Foundation staff kept an eye on the federal budget of March 19, given the potential implications for many in the social sector. The Social Finance Fund, first announced late last year, was a major highlight. We learned that professional investment managers will be in charge of the Fund, and will look for a minimum of $2 of non-government capital for every dollar of federal investment (except for investments in Indigenous communities). Given the initial $755 million outlay, this could help dramatically increase available resources.  The Social Finance Fund will allocate $100 million to gender-equality projects and $50 million to the new Indigenous Growth Fund (to be matched by $50 million from Business Development Bank of Canada).

Two projects that have been supported, in part, by McConnell, received further government funding: $13 million was announced for the Dechinta Centre for Research and Learning to develop a ‘culturally appropriate and community-developed curriculum’; and $19 million was directed toward construction of an Indigenous Legal Lodge at the University of Victoria and Indigenous law initiatives across Canada.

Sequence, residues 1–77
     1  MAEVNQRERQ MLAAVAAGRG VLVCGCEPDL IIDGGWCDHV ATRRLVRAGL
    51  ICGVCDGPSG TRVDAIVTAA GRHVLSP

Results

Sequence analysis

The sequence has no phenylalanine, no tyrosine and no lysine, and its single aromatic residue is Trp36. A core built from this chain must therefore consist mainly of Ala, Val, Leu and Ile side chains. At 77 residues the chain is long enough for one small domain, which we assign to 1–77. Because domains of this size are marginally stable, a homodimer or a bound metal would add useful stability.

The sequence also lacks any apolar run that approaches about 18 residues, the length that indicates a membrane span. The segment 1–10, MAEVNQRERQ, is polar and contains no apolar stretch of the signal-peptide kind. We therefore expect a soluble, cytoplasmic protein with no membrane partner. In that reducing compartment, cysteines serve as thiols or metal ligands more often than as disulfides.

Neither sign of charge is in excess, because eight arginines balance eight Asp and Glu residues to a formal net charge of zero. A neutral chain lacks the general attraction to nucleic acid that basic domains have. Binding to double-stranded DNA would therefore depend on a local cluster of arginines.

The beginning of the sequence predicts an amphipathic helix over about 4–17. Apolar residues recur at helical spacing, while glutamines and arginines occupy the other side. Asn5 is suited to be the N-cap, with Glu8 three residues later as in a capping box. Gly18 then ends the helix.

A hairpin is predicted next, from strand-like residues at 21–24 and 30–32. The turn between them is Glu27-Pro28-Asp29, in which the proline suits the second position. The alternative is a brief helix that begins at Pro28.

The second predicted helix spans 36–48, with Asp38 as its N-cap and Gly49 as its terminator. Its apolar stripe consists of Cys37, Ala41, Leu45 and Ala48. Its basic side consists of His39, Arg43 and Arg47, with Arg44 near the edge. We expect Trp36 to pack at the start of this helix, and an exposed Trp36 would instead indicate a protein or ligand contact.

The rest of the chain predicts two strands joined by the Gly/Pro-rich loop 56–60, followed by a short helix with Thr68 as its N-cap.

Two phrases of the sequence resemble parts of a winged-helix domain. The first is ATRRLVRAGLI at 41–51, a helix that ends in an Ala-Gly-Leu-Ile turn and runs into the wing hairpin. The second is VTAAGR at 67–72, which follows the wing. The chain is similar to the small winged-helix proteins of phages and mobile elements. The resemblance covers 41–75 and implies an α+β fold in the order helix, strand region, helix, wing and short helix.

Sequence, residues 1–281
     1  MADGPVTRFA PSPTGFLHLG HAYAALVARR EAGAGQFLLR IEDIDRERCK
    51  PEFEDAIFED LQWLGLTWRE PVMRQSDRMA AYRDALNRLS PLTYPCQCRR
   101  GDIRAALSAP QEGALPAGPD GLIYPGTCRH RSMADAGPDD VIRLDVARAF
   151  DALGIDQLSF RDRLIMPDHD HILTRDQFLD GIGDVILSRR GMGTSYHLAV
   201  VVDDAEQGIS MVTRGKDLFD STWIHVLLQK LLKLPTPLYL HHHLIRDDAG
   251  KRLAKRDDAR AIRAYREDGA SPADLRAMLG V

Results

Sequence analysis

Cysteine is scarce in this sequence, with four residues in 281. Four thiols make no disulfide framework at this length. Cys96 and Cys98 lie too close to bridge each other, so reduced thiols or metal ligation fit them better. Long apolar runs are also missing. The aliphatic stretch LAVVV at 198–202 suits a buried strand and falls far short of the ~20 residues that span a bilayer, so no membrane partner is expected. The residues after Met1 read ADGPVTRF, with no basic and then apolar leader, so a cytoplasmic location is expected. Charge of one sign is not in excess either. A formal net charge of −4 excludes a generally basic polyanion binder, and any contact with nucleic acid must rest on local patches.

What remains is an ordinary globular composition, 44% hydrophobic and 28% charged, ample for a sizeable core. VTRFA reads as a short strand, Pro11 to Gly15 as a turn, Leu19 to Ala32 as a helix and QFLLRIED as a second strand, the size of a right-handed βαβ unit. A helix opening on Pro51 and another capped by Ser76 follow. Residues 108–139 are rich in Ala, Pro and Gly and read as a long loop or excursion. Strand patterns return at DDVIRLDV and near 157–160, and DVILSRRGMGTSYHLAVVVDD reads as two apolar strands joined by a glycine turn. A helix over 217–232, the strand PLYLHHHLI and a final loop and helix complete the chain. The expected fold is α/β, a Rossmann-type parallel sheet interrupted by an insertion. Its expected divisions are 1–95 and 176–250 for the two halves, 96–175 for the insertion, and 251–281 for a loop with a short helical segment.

The government earmarked $134 million over five years for its Food Policy for Canada to help communities access healthy food; incentivize Canadian food as a top choice for Canadian consumers; support food security in Northern and Indigenous communities; and to reduce food waste. Several announcements were made to support the transition to a low-carbon economy, including making zero-emission vehicles more affordable, supporting business investment in zero-emission vehicles, and encouraging energy efficiency by subsidizing retrofits. Lastly, cities & communities stand to benefit from a one-time doubling of Gas Tax, opening up $2.2 billion for infrastructure projects. This funding will come all at once and will not flow through provinces and territories, which will lead to a more direct relationship between the federal government and municipalities.